Fermenter 2: Best bitter (2)
Fermenter 3: APA
Fermenter 4: APA

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Old 10-12-2007, 09:41 AM   #4
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Quote:
Originally Posted by BrianP
I second the above - propane indoors is a bad idea

A $45 turkey fryer has a pretty good burner - and a 30 qt pot.

If you want a good thermometer, I saw a link here somewhere to a very nice one. I bought it the other day after struggling with crappy thermometers on my first AG day last weekend. Check out
http://www.professionalequipment.com...-thermometers/

It's a little pricey, but it's pre-calibrated, certified accurate to 1 degree, waterproof, has a long cord connecting probe to display. Perfect for brewing.

Regards,
BP
I bought this thermometer on recommendation of the post you mention and it failed on my first brew day with it. it started reading crazy temperatures with large fluctuations. i was thinking about simply returning it but another thermo i just bought to replace it is doing the same thing as of tonight, so maybe i'm doing something (i'll never admit that to the folks at the store, though!) i can't think of what it is i'm doing to cause these different thermos to fail in the same way. i'm going to post a question about this separately to see if anyone has had similar experiences. bottom line is it's a very accurate thermo, maybe a bit small and not very sturdy feeling. i certainly expected it to last longer than it did.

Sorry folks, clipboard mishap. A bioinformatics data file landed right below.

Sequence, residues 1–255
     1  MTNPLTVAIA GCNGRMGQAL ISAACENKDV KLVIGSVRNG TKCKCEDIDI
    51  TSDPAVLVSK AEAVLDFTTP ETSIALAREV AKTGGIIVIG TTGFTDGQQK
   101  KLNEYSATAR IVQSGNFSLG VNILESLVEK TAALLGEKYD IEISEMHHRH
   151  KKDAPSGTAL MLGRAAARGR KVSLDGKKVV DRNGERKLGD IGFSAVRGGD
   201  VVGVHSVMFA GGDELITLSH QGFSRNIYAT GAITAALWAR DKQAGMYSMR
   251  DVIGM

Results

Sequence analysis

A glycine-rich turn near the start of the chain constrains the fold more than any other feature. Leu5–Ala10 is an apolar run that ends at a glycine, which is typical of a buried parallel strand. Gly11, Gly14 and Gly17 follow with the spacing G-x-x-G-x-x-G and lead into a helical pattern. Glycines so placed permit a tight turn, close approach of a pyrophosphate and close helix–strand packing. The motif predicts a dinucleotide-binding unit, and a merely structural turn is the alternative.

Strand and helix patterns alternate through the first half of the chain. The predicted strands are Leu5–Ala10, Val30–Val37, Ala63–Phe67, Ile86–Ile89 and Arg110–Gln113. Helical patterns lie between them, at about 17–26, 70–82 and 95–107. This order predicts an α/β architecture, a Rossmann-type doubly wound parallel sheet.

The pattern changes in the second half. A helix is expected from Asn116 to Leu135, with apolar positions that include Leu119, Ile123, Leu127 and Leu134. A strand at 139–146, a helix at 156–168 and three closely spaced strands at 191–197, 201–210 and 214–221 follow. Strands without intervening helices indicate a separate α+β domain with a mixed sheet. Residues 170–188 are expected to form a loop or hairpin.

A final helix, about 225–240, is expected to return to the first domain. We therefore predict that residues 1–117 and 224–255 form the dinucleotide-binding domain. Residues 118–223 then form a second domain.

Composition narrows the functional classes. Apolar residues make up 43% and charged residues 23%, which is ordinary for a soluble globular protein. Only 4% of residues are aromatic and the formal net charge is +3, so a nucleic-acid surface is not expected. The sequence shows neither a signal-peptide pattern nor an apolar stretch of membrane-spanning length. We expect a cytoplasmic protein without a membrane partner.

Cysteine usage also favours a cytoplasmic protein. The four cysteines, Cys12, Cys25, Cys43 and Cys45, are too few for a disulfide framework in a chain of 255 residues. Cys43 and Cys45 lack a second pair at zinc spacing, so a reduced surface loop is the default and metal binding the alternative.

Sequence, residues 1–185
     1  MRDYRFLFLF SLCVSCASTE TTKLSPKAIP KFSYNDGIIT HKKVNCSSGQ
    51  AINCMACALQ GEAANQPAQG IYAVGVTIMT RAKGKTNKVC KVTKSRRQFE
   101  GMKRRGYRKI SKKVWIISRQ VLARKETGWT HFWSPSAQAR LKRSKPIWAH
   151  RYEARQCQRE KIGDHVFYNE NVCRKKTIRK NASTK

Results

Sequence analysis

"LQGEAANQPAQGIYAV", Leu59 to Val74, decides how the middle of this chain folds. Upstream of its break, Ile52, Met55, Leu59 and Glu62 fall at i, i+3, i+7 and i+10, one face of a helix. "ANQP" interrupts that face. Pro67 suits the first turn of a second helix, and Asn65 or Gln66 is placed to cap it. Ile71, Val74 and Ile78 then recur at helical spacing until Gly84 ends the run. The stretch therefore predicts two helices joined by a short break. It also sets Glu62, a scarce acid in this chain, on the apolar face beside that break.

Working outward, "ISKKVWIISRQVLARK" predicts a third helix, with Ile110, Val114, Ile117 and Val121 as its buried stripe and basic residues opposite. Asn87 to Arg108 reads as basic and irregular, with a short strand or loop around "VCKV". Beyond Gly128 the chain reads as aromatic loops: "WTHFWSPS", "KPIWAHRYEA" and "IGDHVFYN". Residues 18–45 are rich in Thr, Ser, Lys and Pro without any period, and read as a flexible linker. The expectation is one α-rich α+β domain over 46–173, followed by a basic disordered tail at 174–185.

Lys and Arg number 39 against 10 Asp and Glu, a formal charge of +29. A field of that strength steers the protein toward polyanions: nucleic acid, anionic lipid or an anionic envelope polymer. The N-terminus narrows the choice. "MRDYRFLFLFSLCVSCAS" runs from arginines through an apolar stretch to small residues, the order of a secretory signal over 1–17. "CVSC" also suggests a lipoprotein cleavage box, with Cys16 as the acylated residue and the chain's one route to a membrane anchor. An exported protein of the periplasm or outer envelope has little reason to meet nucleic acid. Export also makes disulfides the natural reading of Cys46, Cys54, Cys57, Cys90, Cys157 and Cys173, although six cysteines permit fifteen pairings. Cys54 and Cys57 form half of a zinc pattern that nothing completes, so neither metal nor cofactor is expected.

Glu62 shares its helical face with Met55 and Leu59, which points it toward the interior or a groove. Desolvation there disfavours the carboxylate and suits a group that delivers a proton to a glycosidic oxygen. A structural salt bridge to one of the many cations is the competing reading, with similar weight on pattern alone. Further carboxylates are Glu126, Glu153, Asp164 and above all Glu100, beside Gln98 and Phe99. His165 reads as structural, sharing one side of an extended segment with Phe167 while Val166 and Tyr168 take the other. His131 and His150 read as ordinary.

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Old 10-12-2007, 05:00 PM   #5
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Quote:
Originally Posted by SenorWanderer
I bought this thermometer on recommendation of the post you mention and it failed on my first brew day with it. it started reading crazy temperatures with large fluctuations. i was thinking about simply returning it but another thermo i just bought to replace it is doing the same thing as of tonight, so maybe i'm doing something (i'll never admit that to the folks at the store, though!) i can't think of what it is i'm doing to cause these different thermos to fail in the same way. i'm going to post a question about this separately to see if anyone has had similar experiences. bottom line is it's a very accurate thermo, maybe a bit small and not very sturdy feeling. i certainly expected it to last longer than it did.